Anusca Rader

Research activity per year

Personal profile

Research interests

I am a PhD candidate in the Ribeiro lab, the Autophagy-directed immunity group, within the department of Experimental immunology. During my educational journey I developed a fascination for infection and immunity and therefore focused my research on these subjects.  During my undergraduate studies at the LUMC in Leiden I tried to decipher the human intestinal microbiota and tested if any of these bacteria might be good candidates to fight intestinal pathogens such as Clostridium Difficile. Then, during my Masters, I studied the intrinsic biochemical properties of HLA-E and its binding to HIV-1 peptides at the University of Oxford in the United Kingdom. Subsequently, I joined the Ribeiro lab as a Master student working with 3D intestinal organoids. In 2020, following my internship, I started my PhD project at the Ribeiro lab.


Currently, my PhD project focuses on the utilization of animal-free models to study HIV-1 transmission through the human intestinal mucosa. The intestine plays a key role in HIV-1 pathogenesis, as a primary entry site and due to the abundance of HIV-1 target immune cells, but little is known about the mechanism of HIV-1 entry into the intestinal mucosa due to the lack of relevant in vitro human intestinal models. We therefore developed a human primary gut-epithelial-DC co-culture organoid model, which recapitulates the cellular composition, polarization and barrier function of the human intestinal epithelium in vivo. We use this co-culture model to elucidate the mucosal events and mechanisms required to establish intestinal HIV-1 infection, and define the impact of enteric HIV-1 infection on mucosal immunity. In addition, we also use this model to study intestinal SARS-CoV2 infection and anti-viral drug testing.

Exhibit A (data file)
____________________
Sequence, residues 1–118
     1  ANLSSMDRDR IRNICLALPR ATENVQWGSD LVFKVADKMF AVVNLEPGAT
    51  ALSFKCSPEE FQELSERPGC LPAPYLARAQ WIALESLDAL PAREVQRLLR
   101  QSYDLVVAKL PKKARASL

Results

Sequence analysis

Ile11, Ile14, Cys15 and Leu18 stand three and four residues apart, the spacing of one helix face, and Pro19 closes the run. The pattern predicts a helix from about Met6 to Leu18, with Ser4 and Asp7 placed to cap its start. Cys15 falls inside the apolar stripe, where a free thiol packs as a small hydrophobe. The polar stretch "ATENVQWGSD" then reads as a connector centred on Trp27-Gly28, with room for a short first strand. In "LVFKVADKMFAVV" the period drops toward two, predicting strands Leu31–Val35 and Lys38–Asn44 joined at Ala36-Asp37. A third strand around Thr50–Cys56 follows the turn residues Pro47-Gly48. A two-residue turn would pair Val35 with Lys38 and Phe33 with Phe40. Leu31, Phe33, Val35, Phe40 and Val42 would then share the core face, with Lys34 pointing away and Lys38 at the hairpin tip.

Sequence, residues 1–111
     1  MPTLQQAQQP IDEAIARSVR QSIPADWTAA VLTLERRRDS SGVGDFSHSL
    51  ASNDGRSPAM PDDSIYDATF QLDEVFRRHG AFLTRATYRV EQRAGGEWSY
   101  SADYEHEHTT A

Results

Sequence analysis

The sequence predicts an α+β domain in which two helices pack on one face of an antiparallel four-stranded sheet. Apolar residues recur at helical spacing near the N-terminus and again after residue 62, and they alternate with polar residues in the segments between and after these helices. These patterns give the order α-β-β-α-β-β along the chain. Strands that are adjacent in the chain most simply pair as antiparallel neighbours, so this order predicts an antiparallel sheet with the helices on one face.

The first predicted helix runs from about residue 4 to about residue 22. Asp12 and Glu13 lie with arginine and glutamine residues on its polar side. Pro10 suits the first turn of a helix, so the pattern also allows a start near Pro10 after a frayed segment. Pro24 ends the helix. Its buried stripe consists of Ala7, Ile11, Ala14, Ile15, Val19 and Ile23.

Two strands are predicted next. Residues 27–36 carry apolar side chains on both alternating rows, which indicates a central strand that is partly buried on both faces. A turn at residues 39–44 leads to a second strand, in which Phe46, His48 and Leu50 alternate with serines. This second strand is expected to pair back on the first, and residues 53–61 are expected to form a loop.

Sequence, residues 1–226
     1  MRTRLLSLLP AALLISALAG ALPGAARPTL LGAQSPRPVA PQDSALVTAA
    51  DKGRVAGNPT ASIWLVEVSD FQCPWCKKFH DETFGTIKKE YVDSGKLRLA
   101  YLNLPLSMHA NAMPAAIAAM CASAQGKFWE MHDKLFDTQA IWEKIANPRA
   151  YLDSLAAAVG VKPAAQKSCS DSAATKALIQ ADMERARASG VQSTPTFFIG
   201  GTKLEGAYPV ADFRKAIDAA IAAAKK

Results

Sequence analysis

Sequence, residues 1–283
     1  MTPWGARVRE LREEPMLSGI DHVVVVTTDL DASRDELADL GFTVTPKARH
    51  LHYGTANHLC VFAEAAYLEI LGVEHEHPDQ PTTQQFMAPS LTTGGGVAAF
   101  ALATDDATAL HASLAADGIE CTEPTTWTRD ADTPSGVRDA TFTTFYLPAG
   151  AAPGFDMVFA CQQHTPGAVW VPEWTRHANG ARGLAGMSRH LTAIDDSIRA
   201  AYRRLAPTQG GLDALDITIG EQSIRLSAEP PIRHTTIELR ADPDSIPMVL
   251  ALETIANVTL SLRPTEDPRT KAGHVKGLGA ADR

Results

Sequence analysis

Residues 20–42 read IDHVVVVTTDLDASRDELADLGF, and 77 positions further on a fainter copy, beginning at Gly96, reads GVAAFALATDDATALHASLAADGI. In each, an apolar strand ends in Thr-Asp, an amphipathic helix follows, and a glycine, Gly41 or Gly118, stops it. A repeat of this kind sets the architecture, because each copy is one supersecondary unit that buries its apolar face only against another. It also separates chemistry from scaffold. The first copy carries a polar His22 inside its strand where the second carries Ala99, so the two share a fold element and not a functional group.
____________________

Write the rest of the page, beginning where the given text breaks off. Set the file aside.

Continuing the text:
My work consists of a variety of technical lab skills. I am an expert in culturing 3D intestinal organoids and 2D gut-epithelial-DC co-culture organoid models. These models are used in the context of virus infection and transmission of viruses such as HIV-1 and SARS-CoV2 (BSL-lll). Within the Autophagy-directed immunity group I use microscopy to answer multiple research questions; 1) widefield and live-cell imaging to study the effect of autophagy on organoid development, 2) confocal microscopy to elucidate intestinal HIV-1 and SARS-CoV2 infection as well as the effects of viruses or compounds on cellular autophagy. In addition, my experiments also include basic laboratory techniques such as qPCR, ELISA, and culturing cell lines.

Expertise related to UN Sustainable Development Goals

In 2015, UN member states agreed to 17 global Sustainable Development Goals (SDGs) to end poverty, protect the planet and ensure prosperity for all. This person’s work contributes towards the following SDG(s):

  • SDG 3 - Good Health and Well-being


  • QR355 Virology
  • HIV-1
  • SARS-CoV2
  • QR180 Immunology
  • Autophagy
  • Dendritic cells
  • QM Human anatomy
  • Intestine
  • Organoids

Collaborations and top research areas from the last five years

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